Losing the Faith

I have tried to call my mother every day for the last five.

She does not pick me up.

She is languishing in bed and melancholic.

Though she does not call it this: melancholy. 

She no longer has the words or the imagination or even perhaps the ability to consider herself with such introspection. 

She just says, ‘I’m not feeling very well today’.

She picks up my sister’s calls. Her sister’s.

But not mine.

Sorry, I couldn’t think who Anthea was.

My father’s memory disappeared long ago. Then mine. My brother’s will be next I think as she is sometimes uncertain as to who he is to her, who he is to us. Then my sister, then hers and last of all, her dead parents. For there is still the memory of her mother. And India.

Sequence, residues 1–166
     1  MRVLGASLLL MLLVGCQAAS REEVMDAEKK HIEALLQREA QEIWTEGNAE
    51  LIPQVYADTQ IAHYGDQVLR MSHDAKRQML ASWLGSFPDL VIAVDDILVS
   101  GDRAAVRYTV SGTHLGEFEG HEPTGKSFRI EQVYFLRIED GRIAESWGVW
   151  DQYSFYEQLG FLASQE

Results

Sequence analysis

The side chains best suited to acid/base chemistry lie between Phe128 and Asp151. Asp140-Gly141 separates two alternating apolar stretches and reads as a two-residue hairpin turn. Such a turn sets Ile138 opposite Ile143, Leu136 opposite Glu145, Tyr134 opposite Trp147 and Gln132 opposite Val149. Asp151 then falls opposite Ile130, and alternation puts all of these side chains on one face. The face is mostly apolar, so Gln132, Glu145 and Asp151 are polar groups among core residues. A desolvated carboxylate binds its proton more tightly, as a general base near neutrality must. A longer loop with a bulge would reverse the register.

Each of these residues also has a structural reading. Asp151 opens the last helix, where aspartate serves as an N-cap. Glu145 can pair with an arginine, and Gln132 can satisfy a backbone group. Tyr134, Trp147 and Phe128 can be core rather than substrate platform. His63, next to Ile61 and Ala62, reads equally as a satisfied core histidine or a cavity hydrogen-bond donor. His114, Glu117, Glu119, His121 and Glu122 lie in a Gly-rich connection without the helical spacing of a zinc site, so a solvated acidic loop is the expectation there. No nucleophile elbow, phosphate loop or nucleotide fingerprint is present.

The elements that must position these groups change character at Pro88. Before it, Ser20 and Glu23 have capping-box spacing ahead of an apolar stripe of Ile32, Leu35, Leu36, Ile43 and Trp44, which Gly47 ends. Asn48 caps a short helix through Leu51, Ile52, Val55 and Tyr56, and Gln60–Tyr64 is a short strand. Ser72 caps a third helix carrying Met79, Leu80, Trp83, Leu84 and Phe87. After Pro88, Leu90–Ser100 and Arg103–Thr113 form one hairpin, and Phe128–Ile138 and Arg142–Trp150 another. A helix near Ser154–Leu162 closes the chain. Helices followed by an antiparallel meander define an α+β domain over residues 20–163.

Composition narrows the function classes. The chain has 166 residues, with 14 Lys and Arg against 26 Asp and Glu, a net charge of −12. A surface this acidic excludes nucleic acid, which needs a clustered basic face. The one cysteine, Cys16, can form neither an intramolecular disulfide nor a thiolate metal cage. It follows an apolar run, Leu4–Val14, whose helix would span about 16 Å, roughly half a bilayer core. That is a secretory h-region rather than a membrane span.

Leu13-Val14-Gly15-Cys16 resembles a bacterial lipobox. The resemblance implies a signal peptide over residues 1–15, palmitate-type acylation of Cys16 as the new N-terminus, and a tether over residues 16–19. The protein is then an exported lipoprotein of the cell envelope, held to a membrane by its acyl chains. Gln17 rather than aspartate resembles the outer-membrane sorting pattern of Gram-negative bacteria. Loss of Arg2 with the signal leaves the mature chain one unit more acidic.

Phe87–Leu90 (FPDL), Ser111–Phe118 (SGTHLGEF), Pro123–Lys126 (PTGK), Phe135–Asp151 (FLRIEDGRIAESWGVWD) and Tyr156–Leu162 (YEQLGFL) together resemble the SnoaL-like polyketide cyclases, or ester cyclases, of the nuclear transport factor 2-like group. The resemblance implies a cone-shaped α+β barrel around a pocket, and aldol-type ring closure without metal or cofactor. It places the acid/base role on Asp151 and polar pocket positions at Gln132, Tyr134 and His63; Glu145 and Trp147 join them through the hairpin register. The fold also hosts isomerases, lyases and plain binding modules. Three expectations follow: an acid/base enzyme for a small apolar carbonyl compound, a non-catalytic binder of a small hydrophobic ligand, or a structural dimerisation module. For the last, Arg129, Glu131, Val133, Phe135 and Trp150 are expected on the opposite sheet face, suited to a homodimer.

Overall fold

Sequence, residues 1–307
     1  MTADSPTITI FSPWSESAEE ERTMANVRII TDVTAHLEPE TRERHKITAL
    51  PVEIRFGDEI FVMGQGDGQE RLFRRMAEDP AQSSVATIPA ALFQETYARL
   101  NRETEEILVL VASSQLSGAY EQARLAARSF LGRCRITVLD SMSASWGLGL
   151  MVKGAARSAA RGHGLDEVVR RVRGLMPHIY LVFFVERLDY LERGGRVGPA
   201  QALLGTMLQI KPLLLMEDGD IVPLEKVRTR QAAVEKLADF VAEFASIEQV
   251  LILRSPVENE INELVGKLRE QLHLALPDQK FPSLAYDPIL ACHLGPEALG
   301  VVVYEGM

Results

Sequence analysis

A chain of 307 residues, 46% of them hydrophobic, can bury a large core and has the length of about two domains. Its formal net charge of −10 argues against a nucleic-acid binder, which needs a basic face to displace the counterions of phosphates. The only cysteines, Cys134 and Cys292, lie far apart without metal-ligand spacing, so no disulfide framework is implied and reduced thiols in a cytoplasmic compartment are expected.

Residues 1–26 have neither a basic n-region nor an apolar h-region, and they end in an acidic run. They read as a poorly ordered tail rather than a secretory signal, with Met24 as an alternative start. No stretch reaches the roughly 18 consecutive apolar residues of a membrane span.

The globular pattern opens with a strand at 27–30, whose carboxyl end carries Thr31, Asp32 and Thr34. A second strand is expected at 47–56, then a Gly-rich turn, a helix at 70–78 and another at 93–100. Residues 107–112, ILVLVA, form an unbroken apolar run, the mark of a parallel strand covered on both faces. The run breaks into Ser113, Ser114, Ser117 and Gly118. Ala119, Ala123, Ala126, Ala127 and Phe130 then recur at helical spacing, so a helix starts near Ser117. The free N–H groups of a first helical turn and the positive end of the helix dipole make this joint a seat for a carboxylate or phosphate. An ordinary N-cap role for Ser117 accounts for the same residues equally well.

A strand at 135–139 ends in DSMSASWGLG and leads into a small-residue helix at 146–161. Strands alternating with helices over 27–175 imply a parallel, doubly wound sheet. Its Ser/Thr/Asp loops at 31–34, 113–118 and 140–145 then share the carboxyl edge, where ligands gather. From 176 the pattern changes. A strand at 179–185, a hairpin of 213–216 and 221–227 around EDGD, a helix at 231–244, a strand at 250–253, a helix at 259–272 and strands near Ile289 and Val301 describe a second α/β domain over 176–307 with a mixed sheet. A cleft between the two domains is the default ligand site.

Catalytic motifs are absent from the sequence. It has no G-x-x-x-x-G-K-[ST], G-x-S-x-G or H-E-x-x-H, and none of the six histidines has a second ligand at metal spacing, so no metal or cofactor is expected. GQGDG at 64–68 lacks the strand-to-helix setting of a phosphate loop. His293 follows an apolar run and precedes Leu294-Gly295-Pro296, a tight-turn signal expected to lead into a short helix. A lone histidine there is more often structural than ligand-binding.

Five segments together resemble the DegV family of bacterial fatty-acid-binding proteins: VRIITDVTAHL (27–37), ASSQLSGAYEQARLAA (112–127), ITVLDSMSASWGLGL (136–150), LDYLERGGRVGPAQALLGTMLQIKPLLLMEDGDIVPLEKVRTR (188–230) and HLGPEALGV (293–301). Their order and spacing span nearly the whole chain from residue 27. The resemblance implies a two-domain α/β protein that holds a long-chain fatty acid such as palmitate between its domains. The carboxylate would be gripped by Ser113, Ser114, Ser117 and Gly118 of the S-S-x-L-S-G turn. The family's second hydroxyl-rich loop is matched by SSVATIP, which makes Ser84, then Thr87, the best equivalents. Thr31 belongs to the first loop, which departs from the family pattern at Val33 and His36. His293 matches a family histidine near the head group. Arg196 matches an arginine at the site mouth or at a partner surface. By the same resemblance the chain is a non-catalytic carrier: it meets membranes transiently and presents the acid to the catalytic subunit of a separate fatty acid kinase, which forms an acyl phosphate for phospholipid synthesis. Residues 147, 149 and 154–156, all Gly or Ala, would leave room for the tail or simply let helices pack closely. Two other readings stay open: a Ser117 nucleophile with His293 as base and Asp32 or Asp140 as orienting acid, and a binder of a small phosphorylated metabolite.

Dementia is a hand on a blackboard eraser, it sweeps back over time so that memories disintegrate and fall, chalky as dust, to the floor where they are swept away to nothingness.

My morning was ridiculously, brutally, beautifully blue.

So that as I stood on the top of the farm and looked west towards Meru the sky was swept entirely clean. Not a cloud. Only the moon, like a disc of communion bread. Papery-white. I remember the sensation of the sacrament dissolving on my tongue until there was nothing left.

My religion has abandoned me.

My mother’s memory has abandoned her.

Once upon a time she’d have urged me to mass. And I’d have gone, out of a sense of duty. More to her than any god. 

Sometimes I stood beside her in quiet churches with vaulted ceilings so that the sounds of a congregation settling or their soaring voices collecting were amplified, drifted outside to wintery streets.

And sometimes I was seized by such a sense of peace. 

Perhaps I should have kept the faith?

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